Much has been made of the headline from the recent Oxfam report on global wealth inequality (bp-working-for-few-political-capture-economic-inequality-200114-summ-en.) that revealed that the richest 85 people in the world are worth more than the poorest 3.5 billion.
The Oxfam data are actually taken from Credit Suisse’s 2013 global wealth report (global_wealth_report_2013.) But again this report comes from the earlier study by UN economists Tony Shorrocks (a former university colleague of mine) and Jim Davies using the UN wealth database. I reported on this study back in October (see post, (http://thenextrecession.wordpress.com/2013/10/10/global-wealth-inequality-10-own-86-1-own-41-half-own-just-1/).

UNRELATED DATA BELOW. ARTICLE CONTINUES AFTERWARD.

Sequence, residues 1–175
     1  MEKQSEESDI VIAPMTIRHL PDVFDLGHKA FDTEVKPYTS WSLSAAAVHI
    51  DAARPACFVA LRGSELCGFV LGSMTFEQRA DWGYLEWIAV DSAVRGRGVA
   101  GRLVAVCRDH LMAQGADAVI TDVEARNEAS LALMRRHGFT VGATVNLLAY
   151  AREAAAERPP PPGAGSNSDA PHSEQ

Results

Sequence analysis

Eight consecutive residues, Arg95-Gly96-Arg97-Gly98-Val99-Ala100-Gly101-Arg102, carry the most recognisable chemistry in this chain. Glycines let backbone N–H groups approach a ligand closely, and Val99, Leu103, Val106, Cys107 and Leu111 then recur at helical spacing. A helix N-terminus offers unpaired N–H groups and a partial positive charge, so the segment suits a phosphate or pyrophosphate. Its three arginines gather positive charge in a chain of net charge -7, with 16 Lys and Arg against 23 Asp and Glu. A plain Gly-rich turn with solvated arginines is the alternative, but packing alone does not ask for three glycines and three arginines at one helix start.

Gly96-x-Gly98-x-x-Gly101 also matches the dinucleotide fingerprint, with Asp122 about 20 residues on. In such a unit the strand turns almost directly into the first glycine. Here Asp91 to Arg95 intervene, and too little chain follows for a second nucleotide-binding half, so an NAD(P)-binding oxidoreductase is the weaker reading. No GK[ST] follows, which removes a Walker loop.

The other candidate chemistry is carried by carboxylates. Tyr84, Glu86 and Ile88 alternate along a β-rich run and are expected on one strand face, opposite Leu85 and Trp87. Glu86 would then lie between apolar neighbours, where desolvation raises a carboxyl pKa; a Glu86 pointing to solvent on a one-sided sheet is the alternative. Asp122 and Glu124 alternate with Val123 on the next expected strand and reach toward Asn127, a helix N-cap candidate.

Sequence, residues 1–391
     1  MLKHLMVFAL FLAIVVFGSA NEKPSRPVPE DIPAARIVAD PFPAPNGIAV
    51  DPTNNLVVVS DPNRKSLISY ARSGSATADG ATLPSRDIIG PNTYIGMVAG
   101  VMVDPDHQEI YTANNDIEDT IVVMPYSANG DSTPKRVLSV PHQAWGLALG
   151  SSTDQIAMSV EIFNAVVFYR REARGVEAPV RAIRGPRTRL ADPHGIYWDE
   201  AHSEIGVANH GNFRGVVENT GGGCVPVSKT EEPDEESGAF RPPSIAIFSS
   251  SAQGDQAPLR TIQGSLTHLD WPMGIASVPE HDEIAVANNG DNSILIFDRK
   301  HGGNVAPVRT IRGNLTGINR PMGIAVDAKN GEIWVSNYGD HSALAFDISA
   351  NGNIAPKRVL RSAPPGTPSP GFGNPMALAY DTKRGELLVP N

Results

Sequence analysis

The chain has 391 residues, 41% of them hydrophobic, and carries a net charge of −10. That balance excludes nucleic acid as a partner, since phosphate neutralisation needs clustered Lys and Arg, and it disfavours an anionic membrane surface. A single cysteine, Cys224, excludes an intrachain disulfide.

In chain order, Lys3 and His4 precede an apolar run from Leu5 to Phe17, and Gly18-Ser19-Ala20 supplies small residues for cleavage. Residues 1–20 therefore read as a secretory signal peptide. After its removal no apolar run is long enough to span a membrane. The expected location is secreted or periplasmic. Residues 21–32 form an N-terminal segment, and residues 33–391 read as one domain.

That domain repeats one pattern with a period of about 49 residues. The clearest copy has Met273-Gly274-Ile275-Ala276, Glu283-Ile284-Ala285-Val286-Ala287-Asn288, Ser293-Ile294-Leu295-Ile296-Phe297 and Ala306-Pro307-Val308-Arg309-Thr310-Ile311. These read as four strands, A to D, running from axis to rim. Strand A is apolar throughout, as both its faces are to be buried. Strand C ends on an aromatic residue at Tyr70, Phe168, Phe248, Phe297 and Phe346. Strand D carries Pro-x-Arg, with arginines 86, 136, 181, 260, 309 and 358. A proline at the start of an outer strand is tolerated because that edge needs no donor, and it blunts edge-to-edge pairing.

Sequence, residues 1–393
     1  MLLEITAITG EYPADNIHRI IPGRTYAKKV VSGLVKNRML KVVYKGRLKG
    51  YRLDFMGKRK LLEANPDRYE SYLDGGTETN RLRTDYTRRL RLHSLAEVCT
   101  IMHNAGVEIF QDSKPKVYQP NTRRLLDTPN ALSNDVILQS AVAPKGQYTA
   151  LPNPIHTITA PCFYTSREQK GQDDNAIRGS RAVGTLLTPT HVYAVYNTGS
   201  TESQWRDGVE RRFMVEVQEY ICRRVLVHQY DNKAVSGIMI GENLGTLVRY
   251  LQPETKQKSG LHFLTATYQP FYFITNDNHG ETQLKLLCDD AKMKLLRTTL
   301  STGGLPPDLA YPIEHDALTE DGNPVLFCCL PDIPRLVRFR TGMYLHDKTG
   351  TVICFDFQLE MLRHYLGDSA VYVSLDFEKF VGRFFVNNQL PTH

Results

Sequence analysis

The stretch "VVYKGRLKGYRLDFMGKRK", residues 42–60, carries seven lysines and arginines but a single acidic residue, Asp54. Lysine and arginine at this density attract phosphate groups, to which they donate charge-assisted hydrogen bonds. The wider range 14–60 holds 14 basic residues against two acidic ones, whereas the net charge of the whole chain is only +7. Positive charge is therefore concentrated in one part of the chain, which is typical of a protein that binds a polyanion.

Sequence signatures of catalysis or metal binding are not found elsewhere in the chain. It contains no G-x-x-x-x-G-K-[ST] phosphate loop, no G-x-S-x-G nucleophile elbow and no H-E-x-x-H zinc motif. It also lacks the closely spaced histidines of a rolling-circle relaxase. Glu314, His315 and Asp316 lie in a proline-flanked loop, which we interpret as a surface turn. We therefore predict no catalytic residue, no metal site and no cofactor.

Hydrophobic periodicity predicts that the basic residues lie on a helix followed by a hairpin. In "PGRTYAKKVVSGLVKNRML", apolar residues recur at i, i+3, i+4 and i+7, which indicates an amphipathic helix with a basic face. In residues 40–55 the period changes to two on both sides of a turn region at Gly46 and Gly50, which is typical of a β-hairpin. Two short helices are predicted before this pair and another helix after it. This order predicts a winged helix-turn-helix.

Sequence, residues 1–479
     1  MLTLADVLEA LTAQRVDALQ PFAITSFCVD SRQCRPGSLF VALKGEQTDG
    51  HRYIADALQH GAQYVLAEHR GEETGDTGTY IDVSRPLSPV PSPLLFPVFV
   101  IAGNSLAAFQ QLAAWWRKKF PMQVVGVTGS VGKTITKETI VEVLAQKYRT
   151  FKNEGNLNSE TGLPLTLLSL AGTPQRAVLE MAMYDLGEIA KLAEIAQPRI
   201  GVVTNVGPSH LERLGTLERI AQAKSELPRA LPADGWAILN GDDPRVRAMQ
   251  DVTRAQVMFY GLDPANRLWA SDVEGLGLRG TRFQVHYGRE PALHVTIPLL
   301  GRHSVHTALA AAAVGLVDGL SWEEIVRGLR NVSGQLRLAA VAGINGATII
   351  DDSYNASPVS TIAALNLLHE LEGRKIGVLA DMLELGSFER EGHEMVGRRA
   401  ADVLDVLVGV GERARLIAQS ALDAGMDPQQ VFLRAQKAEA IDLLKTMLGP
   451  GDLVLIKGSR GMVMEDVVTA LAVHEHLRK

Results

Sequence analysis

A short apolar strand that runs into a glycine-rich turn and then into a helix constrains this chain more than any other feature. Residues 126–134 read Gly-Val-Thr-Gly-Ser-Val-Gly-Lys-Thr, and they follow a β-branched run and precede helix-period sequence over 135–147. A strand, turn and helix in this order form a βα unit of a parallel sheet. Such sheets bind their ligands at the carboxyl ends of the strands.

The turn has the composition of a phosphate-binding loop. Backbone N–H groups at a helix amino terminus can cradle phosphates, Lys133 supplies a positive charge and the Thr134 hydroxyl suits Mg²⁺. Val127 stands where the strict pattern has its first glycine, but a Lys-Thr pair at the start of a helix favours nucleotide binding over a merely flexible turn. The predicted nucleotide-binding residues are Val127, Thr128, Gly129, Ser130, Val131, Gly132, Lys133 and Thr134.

It’s funny that it takes a report by Oxfam, the anti-poverty charity, to cause a stir about data that have been available for months. Ezra Klein has pointed out some of the key facts in the Credit Suisse/UN study taken up by Oxfam (http://www.washingtonpost.com/blogs/wonkblog/wp/2014/01/22/10-startling-facts-about-global-wealth-inequality/?wprss=rss_ezra-klein&clsrd). Klein notes that Switzerland leads in average wealth, with each…
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